Emil Hoppe was an architect, textile designer, and decorative and graphic artist. He attended the Staatsgewerbeschule (State Trade School) in Vienna and then studied at the Akademie der bildenden Künste (Academy of Fine Arts) under Otto Wagner between 1898 and 1901. In 1901, he was awarded the Schwendenwein Stipend, which enabled him to travel to Italy. There he produced topographic sketches and a number of drawings of visionary architecture. From 1902 to 1909 he was employed in Wagner's office along with fellow Wagner students Marcel Kammerer and Otto Schönthal. Hoppe was involved with major projects, including the 1906 Austrian Post Office Savings Bank and the Church am Steinhof, built between 1905 and 1907. After 1909, Hoppe, Kammerer, and Schönthal joined together to form their own architectual practice, working on projects in Vienna and abroad. One of Hoppe's most important architectural commissions from this time was the interior of the Austrian pavilion at the 1911 Exposizione Internazionale d'Arte (International Art Exhibition) in Rome. After World War I, Hoppe and Schönthal continued in practice together.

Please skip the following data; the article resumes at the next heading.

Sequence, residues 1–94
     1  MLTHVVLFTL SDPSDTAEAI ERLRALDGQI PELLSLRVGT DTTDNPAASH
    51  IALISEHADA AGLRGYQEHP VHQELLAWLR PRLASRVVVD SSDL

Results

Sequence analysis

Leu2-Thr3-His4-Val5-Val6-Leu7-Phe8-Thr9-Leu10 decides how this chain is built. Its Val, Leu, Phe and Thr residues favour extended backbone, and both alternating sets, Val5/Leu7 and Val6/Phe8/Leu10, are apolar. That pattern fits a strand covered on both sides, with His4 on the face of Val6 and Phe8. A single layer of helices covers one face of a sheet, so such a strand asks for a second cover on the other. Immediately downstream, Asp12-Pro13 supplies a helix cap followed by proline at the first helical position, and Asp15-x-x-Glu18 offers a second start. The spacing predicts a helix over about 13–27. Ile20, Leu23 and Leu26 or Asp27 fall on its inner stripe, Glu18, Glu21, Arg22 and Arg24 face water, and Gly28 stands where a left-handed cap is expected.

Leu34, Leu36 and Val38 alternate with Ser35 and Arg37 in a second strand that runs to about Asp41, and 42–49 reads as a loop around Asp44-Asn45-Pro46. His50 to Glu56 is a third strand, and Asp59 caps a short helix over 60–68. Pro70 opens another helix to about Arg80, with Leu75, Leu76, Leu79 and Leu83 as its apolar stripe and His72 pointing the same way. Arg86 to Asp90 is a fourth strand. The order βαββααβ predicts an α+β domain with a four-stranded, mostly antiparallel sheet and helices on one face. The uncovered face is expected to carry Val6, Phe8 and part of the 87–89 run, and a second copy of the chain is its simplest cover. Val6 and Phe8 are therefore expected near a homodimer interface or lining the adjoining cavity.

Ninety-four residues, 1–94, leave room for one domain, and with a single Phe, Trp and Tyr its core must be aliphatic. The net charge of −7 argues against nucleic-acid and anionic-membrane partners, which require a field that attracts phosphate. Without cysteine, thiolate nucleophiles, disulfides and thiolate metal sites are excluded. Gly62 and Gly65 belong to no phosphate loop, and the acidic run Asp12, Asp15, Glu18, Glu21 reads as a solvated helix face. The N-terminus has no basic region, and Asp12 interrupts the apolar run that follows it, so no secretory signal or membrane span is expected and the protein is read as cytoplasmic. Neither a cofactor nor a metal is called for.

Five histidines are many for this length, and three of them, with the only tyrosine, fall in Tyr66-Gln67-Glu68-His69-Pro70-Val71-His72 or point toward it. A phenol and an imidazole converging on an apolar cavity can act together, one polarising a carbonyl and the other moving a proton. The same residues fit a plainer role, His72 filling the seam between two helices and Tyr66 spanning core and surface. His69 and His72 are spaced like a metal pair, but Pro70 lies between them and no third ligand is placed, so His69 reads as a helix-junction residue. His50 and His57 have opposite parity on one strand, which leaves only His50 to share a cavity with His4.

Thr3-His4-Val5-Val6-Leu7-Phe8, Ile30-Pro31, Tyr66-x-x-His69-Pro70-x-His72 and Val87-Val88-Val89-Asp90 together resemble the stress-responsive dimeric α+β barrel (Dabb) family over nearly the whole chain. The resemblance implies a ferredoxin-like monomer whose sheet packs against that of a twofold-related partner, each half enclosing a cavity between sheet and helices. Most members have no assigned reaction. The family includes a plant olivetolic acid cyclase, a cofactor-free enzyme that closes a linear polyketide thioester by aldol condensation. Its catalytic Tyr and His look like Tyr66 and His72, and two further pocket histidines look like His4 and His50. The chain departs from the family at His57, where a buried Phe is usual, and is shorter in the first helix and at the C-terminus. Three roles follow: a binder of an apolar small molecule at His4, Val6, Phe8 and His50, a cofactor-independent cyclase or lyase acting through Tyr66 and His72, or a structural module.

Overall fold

For the Wiener Werkstätte, Hoppe designed postcards in conjunction with the 1908 Kunstschau Wien (1908 Art Show Vienna). He also designed cards depicting Vienna and other places in the Austro-Hungarian Empire. In addition to his work as an architect and designer, Hoppe was active with other firms, creating textile designs for Johann Backhausen & Söhne and glassware designs for E. Bakalowits & Söhne, Vienna.
The mission of the Neue Galerie New York is to collect, preserve, research, and exhibit fine and decorative art of Germany and Austria from the first half of the twentieth century. For more information about its superb collection, please click here.